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Posted on Sep 1, 2010

Making the Most of Your Human Resources

Making the Most of Your Human Resources

by Gerry Ebbers, SCSBC Consultant for Stewardship and Development  ◊  

The involvement of parents and others in our schools is one of our strengths.  When people take ownership of the school, they are more likely to support it, not just with their time, but also with their finances and their advertising of the school to their relatives, friends and neighbors. But the challenge facing schools today is the reluctance of parents to take on substantive volunteer opportunities.  Parents shy away from three-year terms on committees and would rather be given a short term assignment with clear limits on the amount of work and the time involved.  So our development efforts must be organized to account for these preferences.

Your development program can benefit from the collective knowledge and insights of people who represent different segments of your supportive community, so a development committee is still an asset, but this committee should be viewed not as a working committee, but as a think tank.  You need a group of people to design a workable development plan for each year to address the key needs of the school in recruitment, fund-raising and community building.  This committee needs to meet before the beginning of a new school year to design its plan. Further meetings will only be necessary to review the plan and make adjustments. Thus this committee need not be a standing committee with monthly meetings, nor do members need to make more than a one-year commitment to serve.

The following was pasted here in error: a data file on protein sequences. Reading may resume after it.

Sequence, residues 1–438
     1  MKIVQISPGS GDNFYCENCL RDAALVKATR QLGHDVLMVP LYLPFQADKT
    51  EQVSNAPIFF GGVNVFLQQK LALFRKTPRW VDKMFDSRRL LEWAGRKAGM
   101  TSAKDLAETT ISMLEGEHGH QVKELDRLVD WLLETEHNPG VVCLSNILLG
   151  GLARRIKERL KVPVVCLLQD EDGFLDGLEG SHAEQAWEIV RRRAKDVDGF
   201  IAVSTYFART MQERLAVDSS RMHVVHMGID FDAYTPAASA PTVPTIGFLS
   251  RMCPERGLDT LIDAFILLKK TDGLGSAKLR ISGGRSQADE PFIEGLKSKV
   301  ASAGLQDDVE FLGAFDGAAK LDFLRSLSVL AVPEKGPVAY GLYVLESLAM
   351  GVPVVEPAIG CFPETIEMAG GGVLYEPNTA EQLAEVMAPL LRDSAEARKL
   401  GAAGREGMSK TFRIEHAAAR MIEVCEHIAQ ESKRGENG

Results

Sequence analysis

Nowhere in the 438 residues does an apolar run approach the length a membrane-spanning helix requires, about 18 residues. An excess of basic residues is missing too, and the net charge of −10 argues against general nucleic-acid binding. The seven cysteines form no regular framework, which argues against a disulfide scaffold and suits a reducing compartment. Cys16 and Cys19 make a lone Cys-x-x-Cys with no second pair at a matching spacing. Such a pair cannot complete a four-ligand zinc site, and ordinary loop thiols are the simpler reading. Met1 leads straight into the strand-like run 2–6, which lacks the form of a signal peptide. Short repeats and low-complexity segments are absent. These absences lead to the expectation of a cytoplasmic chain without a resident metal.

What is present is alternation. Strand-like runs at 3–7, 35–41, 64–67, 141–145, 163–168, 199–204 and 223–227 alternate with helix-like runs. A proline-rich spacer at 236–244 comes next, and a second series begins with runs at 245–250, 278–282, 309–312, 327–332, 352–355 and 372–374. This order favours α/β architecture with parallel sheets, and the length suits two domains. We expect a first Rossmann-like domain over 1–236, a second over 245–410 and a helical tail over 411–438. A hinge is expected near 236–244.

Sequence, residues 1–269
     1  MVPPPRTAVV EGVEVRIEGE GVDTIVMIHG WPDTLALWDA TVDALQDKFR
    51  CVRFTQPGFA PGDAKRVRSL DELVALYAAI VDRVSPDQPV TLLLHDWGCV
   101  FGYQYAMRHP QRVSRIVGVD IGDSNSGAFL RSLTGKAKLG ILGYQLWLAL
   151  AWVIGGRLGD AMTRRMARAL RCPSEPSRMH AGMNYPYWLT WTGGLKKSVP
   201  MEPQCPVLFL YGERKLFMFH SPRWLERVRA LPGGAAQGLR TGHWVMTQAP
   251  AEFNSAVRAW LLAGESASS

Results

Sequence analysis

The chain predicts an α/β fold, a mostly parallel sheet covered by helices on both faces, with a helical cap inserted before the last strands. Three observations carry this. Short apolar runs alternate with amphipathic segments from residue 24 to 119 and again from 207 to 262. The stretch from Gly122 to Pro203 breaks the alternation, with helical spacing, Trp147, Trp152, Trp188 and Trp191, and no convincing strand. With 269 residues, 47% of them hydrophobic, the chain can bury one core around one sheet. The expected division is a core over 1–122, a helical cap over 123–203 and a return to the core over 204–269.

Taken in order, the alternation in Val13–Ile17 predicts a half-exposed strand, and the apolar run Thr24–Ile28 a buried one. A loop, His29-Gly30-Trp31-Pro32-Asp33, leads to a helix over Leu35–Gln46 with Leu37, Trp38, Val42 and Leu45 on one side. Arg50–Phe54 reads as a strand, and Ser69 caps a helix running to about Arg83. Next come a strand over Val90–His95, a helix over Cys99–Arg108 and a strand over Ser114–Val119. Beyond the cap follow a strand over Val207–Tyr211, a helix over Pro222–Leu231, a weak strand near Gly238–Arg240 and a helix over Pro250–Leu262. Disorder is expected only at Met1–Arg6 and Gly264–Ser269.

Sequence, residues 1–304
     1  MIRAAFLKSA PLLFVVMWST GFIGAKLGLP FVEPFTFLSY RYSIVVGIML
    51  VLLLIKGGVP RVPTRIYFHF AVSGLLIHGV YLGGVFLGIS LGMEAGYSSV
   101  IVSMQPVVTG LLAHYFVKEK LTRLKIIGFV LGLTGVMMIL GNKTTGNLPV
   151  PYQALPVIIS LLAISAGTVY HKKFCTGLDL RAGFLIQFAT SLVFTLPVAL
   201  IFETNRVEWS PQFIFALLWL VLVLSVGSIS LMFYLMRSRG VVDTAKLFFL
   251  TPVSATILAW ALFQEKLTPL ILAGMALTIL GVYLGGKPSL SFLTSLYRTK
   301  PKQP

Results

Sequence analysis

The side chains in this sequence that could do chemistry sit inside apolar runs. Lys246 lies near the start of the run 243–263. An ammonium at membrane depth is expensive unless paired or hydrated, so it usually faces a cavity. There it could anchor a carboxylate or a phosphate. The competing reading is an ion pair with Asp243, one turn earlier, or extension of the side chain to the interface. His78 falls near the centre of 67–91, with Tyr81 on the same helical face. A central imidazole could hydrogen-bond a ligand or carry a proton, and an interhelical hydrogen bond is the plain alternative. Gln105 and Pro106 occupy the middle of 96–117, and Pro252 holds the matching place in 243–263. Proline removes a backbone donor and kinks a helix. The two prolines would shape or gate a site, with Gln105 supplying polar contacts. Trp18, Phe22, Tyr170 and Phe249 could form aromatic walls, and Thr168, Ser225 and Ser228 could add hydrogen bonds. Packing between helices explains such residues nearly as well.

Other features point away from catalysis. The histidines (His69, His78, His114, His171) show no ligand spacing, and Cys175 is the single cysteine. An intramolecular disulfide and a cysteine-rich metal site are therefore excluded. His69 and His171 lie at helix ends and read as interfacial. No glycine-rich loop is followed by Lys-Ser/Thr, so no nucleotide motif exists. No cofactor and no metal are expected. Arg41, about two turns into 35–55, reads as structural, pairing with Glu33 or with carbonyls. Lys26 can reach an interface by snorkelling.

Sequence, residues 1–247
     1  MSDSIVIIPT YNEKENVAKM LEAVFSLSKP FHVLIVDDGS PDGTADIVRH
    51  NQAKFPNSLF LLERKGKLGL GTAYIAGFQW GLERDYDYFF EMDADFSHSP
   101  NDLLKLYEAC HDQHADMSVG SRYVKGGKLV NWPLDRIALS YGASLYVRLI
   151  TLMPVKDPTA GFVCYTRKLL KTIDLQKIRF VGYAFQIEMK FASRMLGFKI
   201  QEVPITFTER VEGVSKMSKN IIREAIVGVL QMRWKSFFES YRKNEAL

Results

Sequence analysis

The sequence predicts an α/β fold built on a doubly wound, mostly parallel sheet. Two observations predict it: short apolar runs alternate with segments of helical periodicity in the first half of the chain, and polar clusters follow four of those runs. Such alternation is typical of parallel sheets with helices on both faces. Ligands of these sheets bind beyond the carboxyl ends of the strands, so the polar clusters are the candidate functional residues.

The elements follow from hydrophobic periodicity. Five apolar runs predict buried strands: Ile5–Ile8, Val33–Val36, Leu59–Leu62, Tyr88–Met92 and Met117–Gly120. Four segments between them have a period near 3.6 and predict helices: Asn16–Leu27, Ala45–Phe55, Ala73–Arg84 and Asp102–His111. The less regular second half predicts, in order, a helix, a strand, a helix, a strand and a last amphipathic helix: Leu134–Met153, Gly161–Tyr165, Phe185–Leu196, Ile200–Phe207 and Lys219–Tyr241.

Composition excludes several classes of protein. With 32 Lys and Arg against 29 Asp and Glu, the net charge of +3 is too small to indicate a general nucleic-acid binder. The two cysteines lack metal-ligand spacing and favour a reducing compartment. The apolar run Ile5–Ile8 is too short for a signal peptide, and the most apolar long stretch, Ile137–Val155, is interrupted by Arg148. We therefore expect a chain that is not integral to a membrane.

Once you have your development plan  for the year, you can recruit individuals to be responsible for one element only of

that plan and only for that school year.  Some elements of your development plan will require only one person to implement; others will require a small team of people; and some will require many volunteers.  But asking people to do a specific task within a determined time frame is much easier than asking people to take on a whole development program.

In addition to the many “worker bees” that a development program requires, a school also needs volunteers for their specific expertise or their contacts.  Again, what works best is to limit what the school requires of someone, and to ensure that the person is clear as to their responsibility and the time frame to execute it.

To establish continuity in events and activities from year to year, maintain a file or binder with all the plans, job descriptions, templates, needs and budgets for that specific event or activity, and pass that information on to the next year’s volunteer.

A final responsibility of the board in development activities is to thank everyone for their time and effort.  Do that in a thank-you note from the board at the end of the year, or in some kind of volunteer thank-you event like a dessert social.  To avoid having to plan another special event, you can probably combine this event with some other event or activity.  In addition to thanking people for what they’ve already done, you can remind them that the school will continue to need their support next year as well.

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